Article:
Canada going as far as possible abuse with MAiD, hitting brakes needed
Reports question why Canada is relying on MAiD and not providing social support for those suffering not only from a terminal illness but also from poverty and despair.
Death has been sanitized and institutionalized to a large extent throughout the twentieth and into the twenty-first centuries, with the dying assigned to hospitals or nursing homes, out of sight, and the bodies efficiently whisked away by professionals in the business of tidy dispatch.
The debate in Canada over medical aid in dying, or MAiD, brought about tons of issues to consider, including the ways and means of death and the choice one makes regarding how to exit from the mortal stage.
The procedure was legalized in 2016 with the goal of allowing those with terminal illnesses to seek the assistance of doctors in alleviating their suffering as they near inevitable death.
However, MAiD was expanded in 2021 to include people whose deaths are not reasonably foreseeable.
In modern times, the Western world has not been at ease discussing or contemplating death.
Canada is literally using MAiD to kill the disabled and or poor. Here is a list of individuals who felt they had NO OTHER CHOICE but to consider or engage in MAiD because the government refused to help them.— Shelby (@Lefty_Mind) November 23, 2022
What are the qualifications?
To qualify, individuals must have a serious incurable illness or disability, must be in an advanced state of irreversible decline, and must suffer from intolerable physical or psychological pain.
In very short order, however, Canada has become the world leader in MAiD, and the country seems to have stepped onto a slippery slope.
Alarmingly, appallingly, stories have arisen that MAiD was not limited to terminal cases but has expanded to include people seeking death out of despair.
Medical assistance, or suicide assistance?
Amir Farsoud, of St. Catharines, sought help to end his life about a month ago. He didn't want to die, said the now-55-year-old. But his rooming house was for sale, and he couldn't find affordable housing. Farsoud, who suffers from a debilitating back condition, relied on his meager disability payments and was afraid of becoming homeless. As a result, he sought medical aid in dying or MAiD.
Farsoud's application was approved by one doctor, and he was looking for another when he spoke to CityNews in October.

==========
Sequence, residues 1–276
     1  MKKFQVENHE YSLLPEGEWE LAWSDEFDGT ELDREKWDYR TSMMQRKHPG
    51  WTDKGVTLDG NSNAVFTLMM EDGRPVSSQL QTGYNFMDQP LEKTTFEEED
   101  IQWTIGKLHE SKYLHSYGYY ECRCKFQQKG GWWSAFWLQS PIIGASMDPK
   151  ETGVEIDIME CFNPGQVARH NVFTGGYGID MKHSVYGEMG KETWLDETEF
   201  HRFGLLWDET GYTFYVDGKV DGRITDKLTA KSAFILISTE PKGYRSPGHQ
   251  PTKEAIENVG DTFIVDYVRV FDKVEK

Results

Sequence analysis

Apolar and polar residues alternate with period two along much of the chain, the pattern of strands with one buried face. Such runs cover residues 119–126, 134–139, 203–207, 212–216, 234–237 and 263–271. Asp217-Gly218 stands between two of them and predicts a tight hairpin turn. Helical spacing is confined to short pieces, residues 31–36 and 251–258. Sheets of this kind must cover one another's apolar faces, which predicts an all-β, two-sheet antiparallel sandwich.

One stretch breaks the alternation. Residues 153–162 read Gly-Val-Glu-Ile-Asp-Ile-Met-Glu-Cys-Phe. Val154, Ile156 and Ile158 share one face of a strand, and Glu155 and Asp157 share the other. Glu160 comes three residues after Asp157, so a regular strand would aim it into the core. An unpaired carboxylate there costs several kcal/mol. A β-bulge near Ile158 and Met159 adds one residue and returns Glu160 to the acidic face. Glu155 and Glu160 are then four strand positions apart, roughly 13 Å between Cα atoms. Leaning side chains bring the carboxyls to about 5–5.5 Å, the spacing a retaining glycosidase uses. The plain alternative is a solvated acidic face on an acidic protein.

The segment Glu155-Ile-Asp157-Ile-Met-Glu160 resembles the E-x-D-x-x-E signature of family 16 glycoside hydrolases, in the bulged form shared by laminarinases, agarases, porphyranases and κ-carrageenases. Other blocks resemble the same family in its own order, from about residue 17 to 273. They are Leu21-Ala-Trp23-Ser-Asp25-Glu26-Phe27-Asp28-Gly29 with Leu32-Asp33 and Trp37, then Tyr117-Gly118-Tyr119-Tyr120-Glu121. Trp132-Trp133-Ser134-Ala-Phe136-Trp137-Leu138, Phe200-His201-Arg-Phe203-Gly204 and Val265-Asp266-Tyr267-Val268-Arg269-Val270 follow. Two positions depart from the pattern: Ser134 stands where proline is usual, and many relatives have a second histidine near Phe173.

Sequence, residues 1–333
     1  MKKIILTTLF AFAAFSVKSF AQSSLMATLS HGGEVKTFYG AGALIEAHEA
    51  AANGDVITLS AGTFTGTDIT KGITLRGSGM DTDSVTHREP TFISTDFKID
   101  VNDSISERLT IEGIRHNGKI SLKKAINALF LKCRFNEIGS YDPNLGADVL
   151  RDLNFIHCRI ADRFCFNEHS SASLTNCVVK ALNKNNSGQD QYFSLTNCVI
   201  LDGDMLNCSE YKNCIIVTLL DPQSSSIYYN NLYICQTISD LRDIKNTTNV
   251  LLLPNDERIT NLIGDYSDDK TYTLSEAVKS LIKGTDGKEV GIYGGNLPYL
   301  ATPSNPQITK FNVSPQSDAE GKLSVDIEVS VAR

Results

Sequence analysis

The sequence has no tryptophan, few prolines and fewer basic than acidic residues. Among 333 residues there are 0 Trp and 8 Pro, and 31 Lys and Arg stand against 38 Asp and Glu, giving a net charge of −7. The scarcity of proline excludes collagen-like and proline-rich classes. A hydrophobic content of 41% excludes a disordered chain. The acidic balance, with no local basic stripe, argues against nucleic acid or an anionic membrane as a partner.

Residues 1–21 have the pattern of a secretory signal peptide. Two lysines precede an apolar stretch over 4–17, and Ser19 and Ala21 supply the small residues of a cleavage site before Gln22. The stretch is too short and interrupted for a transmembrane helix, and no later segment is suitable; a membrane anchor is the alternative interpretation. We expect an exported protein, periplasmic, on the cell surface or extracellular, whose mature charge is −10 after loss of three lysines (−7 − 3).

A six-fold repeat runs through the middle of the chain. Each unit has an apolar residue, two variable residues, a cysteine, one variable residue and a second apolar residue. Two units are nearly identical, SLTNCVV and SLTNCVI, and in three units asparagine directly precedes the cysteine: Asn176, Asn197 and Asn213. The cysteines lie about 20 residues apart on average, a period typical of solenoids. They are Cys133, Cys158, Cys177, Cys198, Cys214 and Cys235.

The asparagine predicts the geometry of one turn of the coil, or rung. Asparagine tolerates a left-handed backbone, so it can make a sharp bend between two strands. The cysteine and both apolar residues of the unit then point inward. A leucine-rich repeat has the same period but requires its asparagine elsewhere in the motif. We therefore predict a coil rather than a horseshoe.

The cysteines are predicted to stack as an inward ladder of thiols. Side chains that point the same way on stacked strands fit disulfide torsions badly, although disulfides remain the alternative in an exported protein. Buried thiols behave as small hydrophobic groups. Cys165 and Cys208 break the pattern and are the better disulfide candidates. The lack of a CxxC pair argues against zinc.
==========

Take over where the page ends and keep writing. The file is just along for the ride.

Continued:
The doctor tried to talk him out of it, Farsoud said. “But eventually I convinced him … I was going to die, one way or another. It was just a question of, ‘Do I have to take a bus to Toronto and jump in front of the subway, or will you be kind enough to do it?’”
Farsoud isn’t the only person who has sought MAiD because of a lack of proper housing, healthcare support, access to specialists, or abject poverty.
How is MAiD expanding?
MAiD will be available to people suffering solely from mental illness beginning in March. This is despite the fact that experts disagree on whether a person's mental illness can be accurately diagnosed as "irreversible", that depressed people frequently want to die, and that access to treatment is uneven.
The government’s own expert panel concluded “it is difficult, if not impossible, for clinicians to make accurate predictions about the future for an individual patient.”
Dr. John Maher of Ontario told a joint Senate/House of Commons committee investigating MAiD that some of his patients are now refusing treatment in order to be eligible for MAiD. “Telling my patients that you will make it easier for them to die has enraged me,” he said.
With cases of MAiD expected to rise, it is worth asking whether the state is encouraging people to choose a dignified death by failing to provide them with the means for a dignified life.
A pause is much needed.
The whole perspective raises a myriad of questions that cannot be answered decisively. One cannot but think how the unthinkable becomes "normal", if not "inevitable". How does the abnormal become "normal" although in a horrifying way?
All these questions surface as a major Canadian medical organization is pushing the idea of allowing doctors to do something that’s long been considered unthinkable and abnormal: killing infants who are born with conditions that make survival "impossible".
The Quebec College of Physicians made the case for this before a parliamentary committee studying changes to Canada’s law on medical assistance in dying (MAID), a.k.a. assisted suicide.
Those in favor of "assisted suicide" try to argue that the college’s proposal involves only newborns with severe malformations whose chance for life is “basically nil". It wouldn’t be a license to kill babies, they dare claim.
But this brings forth a moral dilemma that cannot but be taken into consideration. Authorizing doctors to actively apply euthanasia on infants — rather than allowing nature to take its course — does cross a line once thought untouchable.
The college even goes as far as extending MAiD to include "mature minors" or teenagers aged 14 to 17, as well as euthanasia for elderly people who are simply "tired of living."
When the debate is solely about personal "autonomy," or the right to decide what to do with your own life, there should be limits to how far MAiD is authorized, and it is about time for Canada to hit the brakes.